Marriott Breach: Advanced Technology Could Lower Risk
Two massive data breaches reported within the past week are likely to have massive repercussions for both the companies involved and those whose personal information has been stolen.
Marriott last week confirmed the personal information of up to 500 million guests may have been stolen after its reservations database was hacked, and information sharing website Quora announced a data breach that exposed about 100 million users’ personal data.
Erin Malone, Sophos‘ vice president of sales in North America and Sophos’ Partner Advisory Council leader, tells us Marriott’s data breach has put more than consumers’ data at risk. Sensitive corporate data belonging to business travelers now is also at risk or used for other nefarious activity by cybercriminals, such as gaining access into company networks or to launch lucrative phishing campaigns, she said.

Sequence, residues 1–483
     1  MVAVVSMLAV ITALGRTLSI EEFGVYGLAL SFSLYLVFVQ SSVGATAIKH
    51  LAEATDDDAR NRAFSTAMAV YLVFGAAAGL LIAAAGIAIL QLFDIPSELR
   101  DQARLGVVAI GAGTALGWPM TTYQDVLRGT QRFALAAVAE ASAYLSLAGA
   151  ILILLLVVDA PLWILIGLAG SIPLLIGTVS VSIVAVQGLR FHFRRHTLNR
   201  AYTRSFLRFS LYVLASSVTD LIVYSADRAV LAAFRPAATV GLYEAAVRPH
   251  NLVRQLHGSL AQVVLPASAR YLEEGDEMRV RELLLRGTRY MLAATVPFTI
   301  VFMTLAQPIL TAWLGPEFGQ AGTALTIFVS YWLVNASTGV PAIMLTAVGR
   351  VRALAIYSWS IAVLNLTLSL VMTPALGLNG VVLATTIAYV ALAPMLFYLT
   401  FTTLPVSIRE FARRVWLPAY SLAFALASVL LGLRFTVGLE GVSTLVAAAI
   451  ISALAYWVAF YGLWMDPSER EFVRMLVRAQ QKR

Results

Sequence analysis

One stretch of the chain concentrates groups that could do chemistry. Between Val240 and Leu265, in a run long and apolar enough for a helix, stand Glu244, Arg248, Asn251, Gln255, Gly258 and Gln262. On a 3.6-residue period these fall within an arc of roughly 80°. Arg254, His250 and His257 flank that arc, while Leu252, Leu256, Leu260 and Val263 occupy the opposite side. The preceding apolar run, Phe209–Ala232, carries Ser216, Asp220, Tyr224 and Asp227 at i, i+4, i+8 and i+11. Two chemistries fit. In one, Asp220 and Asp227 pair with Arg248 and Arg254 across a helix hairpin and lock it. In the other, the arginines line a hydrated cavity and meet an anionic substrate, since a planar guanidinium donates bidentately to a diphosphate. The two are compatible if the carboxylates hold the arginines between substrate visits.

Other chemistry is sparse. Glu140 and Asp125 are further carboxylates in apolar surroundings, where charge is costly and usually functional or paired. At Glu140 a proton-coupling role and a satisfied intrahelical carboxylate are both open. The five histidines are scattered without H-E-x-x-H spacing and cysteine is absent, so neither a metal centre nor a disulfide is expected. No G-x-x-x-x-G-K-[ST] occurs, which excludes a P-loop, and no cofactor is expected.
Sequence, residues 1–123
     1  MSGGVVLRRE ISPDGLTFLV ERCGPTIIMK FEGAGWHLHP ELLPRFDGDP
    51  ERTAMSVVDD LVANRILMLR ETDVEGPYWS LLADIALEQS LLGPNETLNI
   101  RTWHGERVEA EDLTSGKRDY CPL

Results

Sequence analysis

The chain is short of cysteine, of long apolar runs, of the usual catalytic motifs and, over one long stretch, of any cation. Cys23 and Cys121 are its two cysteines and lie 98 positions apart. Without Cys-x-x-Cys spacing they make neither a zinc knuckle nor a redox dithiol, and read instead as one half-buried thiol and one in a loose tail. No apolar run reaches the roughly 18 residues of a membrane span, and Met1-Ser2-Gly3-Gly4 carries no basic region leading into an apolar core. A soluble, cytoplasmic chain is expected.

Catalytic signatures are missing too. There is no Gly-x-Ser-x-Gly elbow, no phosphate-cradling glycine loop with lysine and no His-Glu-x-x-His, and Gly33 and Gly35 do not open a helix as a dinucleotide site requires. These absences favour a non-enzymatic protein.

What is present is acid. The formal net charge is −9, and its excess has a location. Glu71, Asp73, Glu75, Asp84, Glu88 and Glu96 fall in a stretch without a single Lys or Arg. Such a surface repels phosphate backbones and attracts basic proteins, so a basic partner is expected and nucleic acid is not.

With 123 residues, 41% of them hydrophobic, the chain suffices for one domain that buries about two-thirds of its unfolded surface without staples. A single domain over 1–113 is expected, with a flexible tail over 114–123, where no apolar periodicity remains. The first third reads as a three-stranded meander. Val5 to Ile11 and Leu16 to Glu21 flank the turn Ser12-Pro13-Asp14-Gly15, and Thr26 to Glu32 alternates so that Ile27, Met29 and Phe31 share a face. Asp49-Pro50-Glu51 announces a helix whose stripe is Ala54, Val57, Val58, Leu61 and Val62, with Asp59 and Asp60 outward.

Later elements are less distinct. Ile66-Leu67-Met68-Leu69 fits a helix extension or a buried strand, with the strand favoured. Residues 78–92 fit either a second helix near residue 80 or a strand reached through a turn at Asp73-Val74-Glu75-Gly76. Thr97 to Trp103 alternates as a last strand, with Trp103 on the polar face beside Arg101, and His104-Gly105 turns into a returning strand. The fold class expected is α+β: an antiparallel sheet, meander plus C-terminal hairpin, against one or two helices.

“The potential consequences of this breach should serve as a reminder that even with the best security practices, businesses of all sizes are still vulnerable to data breaches through employee and third-party breaches,” she said. “As such, partners need to be working with all of their customers to ensure they have comprehensive, layered security solutions in place to prevent advanced threats from exposing customer records and detailed personal or employee information.”
Daryl Crockett, president and CEO of ValidDatum, which provides data-related project management and services, including data privacy and security, and General Data Protection Regulation (GDPR) compliance, tells us most companies are securing their data with encryption technology, monitoring for repeated log-in attempts and using some sort of role-based permissions, and second- and third-party authentication for mobile users.